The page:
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Compared to men, women often (and in most cases) have a harder time managing and maintaining their careers if they choose to have a family. Even though we are seeing an increase in progressive movements to co-parent, it might be safe to assume that women are still taking on more parental, day-to-day obligations over men when it relates to childcare.

In the past (and in the present – as we are not out of the woods yet), women would often have to choose to either a) have a career or b) have a family. And, if she wanted to have both, a job was considered to be an ‘extra’ and she would still be required to maintain everything that goes along with running a household, etc. Now, I don’t want to get into a debate about gender roles, i.e. who takes out the trash and who cooks dinner, but from a fairly accurate generalization, women have had to make some tough career decisions that many men have had the luxury of opting out of.

As a result of raising a family, whether that was full-time or part-time, women do miss out on opportunities such as promotions, critical technological/ Industry advancements, pay increases, etc. Obviously, this hurts women, whether they are out of work for 2 years or 20 years and the often get penalized for it when they return to the workforce. Not only are they forced to work for less money and lower positions, they are all to often overlooked because of extensive gaps that exist in their resumes. How is this fair? Well, you’re right, it’s not.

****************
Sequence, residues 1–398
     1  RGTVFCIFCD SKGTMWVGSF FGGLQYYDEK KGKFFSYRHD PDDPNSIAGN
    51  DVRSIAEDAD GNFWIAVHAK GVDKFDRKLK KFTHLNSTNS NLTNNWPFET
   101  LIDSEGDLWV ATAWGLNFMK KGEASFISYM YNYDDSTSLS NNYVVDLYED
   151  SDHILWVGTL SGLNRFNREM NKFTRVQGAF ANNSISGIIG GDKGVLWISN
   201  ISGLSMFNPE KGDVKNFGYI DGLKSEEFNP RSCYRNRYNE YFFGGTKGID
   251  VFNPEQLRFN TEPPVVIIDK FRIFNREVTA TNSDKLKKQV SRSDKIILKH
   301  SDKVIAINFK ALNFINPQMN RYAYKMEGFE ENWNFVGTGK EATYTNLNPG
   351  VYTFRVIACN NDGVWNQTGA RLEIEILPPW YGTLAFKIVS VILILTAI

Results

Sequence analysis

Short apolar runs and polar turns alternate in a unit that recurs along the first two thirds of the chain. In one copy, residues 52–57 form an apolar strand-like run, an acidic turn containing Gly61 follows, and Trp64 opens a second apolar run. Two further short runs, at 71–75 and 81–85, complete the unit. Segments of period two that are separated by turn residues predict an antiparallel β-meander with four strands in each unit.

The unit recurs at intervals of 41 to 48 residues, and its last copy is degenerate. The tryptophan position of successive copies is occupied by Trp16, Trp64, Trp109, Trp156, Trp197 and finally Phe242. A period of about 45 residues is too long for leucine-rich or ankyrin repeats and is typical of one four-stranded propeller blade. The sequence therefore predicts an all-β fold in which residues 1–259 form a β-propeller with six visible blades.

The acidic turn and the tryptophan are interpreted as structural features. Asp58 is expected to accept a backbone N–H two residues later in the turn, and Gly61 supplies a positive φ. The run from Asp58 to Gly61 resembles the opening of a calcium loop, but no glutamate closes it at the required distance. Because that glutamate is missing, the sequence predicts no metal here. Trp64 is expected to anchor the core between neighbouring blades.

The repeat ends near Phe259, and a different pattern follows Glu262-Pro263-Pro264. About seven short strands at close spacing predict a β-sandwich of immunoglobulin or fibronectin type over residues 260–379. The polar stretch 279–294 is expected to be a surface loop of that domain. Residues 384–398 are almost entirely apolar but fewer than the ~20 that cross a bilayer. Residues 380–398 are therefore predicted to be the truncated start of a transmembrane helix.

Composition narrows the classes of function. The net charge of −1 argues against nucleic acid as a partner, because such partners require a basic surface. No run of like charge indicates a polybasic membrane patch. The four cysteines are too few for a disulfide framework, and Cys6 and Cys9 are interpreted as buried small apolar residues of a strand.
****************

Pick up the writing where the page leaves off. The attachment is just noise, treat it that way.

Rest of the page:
For the past couple of years, companies are starting to realize the untapped resource of women who have decided to take a career-pause for their families. This idea of ‘returnship’s’ has taken off among employers such as Paypal and Sendgrid, just to name a few. Basically a ‘returnship’ is an internal program developed specifically for women who want to restart their careers. These programs help employees develop skills that may have evolved since they have been absent and provide them with employment history. Although the programs operate more like internships vs. jobs, these programs offer women an opportunity to gain critical skills and potential employment opportunities within the companies they returnship with.

Although this approach may not be the complete answer to achieving equality in the workplace, specifically when it relates to women and the sacrifices they endure, it does offer some solutions to this ongoing problem that prevents women from advancing or reentering their careers. Here is an article posted by Forbes on the topic of returnships and how companies are having brilliant success with this model.